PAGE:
5.7
June 16, 2011

Crack Smokin’ Yoga Teachers.

In some circles, admitting you had a drink is tantamount to robbing a bank and riding away on your getaway car that is powered by the blood of freshly caught kittens, while eating fried chicken, potato gunning newborn babies off the roof of your apartment and snorting crack off the back of your Gita.

I’ve never struggled to write from the heart and with honesty, even when I know I’m putting my private life out there. Truth be told, most writers write to get stuff off their chests in the first place. If it’s not edgy, if it doesn’t make you agree or disagree instantly, laugh, cry or ponder the meaning of life, then it’s probably not worth reading.

I wrote an article recently about a really hard day I had, and about having a drink at the end of it. Holy mother of dogma. While there were quite a few who could identify (mainly real humans, and mothers like me) there were quite a few purists and nay-sayers (I’m pretty sure they’re robots) as well. I am  still getting emails about it, and one or two article stalkers who continue to comment where I comment on the articles I am reading myself.

One email went like this: Yogis should not drink. That is the least that is expected of them.

Really? The least? How about honesty, integrity, kindness, compassion and discipline? How about cultivating our behavior towards others and how we speak to them, how we use their time?

This yoga culture of ours is so deep and rich and varied, made up of people of all races, backgrounds and interests, different socio-economic classes… that’s why there are so many different yoga styles to choose from. It’s like food, really, there’s something out there for everyone’s taste. And it should be that way.

But like anything else, there is a human tendency to set ourselves apart from others, to take our jobs, our interests and our money and find a reason to be better than someone else. This happens in yoga too: my Guru is the real guru, my tradition is the best, my poses are better than yours, I am skinnier than you, I wear the right clothes or eat the right food…I’m so much more yoga than you. Indeed, some of the most hateful comments I’ve ever read have been right here on elephant. Oh say, here, here and here. Well I’m gonna call bulls%^t on all of that right now.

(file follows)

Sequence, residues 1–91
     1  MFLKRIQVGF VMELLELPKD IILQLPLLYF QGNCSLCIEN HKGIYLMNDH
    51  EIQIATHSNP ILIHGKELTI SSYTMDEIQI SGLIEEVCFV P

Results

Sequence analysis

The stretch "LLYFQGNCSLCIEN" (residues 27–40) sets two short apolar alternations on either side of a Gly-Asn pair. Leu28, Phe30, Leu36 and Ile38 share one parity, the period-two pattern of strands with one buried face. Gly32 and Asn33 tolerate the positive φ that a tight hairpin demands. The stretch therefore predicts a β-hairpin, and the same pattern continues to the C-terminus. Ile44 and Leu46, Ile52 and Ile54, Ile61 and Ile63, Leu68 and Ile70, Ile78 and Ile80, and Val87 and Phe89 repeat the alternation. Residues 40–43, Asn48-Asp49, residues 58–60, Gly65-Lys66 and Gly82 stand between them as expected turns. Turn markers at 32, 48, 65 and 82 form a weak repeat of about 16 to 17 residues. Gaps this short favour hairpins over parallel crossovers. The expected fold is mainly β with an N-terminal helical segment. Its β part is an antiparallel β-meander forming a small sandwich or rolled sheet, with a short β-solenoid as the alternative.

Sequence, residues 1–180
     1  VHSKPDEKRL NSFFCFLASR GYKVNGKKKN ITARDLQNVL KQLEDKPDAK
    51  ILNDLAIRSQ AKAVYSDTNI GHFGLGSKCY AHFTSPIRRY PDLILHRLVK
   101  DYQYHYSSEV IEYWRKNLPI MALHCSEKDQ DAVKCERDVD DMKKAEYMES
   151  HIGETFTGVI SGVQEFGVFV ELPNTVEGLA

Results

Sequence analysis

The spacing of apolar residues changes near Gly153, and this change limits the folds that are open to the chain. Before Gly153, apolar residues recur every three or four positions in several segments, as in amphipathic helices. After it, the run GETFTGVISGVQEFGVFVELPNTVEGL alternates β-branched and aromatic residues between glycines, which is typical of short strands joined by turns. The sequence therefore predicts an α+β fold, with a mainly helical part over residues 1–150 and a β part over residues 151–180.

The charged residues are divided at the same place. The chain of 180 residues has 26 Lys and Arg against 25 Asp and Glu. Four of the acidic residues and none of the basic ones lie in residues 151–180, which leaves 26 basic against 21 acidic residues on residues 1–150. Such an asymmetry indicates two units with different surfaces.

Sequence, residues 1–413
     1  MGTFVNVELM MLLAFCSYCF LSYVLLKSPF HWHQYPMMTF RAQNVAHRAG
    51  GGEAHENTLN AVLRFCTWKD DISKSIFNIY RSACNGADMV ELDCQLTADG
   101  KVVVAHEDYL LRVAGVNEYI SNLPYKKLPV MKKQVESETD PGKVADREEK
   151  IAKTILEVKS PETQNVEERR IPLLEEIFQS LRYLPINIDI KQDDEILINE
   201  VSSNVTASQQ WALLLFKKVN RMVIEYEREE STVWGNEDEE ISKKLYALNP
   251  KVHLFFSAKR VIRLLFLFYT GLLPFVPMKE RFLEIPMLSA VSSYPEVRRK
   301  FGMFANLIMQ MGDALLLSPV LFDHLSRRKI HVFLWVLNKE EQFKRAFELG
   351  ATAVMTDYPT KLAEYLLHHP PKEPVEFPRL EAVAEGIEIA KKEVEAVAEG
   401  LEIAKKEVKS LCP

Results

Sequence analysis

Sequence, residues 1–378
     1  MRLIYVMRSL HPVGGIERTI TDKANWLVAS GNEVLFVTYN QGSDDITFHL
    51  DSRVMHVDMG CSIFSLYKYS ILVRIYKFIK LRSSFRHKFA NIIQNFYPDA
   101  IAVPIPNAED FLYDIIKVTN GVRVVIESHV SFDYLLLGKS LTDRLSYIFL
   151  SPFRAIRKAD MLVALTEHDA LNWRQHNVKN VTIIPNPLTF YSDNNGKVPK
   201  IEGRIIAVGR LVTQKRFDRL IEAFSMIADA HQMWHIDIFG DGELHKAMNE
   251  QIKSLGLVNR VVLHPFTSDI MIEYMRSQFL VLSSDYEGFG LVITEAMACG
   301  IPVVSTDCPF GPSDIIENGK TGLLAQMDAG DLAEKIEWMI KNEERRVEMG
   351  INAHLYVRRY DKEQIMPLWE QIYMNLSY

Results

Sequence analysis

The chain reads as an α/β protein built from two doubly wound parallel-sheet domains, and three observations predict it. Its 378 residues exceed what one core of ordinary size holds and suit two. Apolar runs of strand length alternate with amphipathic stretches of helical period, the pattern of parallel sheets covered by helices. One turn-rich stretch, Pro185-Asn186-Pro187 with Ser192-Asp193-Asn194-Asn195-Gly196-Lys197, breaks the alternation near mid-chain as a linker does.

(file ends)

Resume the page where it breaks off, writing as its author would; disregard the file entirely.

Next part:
If yoga is about finding out who and what we are, about refining ourselves and trying to come back to our true nature, then it is most definitely not about setting ourselves as better than anyone else, or about judging other people in any way. I can’t tell you how many times other teachers have “confessed” that they aren’t yoga because they drink, smoke, eat meat, don’t meditate, can’t do headstand, can’t do this pose, can’t do that pose…can’t, don’t, won’t, aren’t.  I see teachers, more than I would like to admit,  who are only interested in vying for position, as if this is some kind of popularity contest.

Yoga has saved my life in so many ways, saved my marriage and made me feel good about who I am. That’s it. That’s what’s important. And I will never, ever, be a teacher who is going to point out anyone else’s lack. One: because I have enough of my own junk to work through (don’t we all?)  And two: because lack is an illusion. We are already perfect and have what we need to progress past our samskaras.

It’s one thing to stand on the pedestal, as a teacher or as a student, and point out others’ issues. It’s another thing to dig deep inside yourself and see how our so called flaws can draw us into compassion for ourselves, and more importantly, toward each other.

So try this yogis: the next time you feel drawn to anger or judgment regarding someone else’s behavior, take a minute to breathe. If you’re already upset, the breath is fast and shallow, the blood pressure high. So breathe. Watch the breath slow down and lengthen. Then ask yourself if there is not some way that you can identify with the person you’re upset with, in some way…a time when you might have acted similarly. Then let it go. That’s the yoga, above any advanced pose, the ability to really watch our reactions and interactions in this world and to maybe choose another way.

Lastly: there is no destination, you never reach the finish line.  As soon as you think you get it, you’ve lost it and have to start all over again.

That’s why they call it a practice.

Candice Garrett

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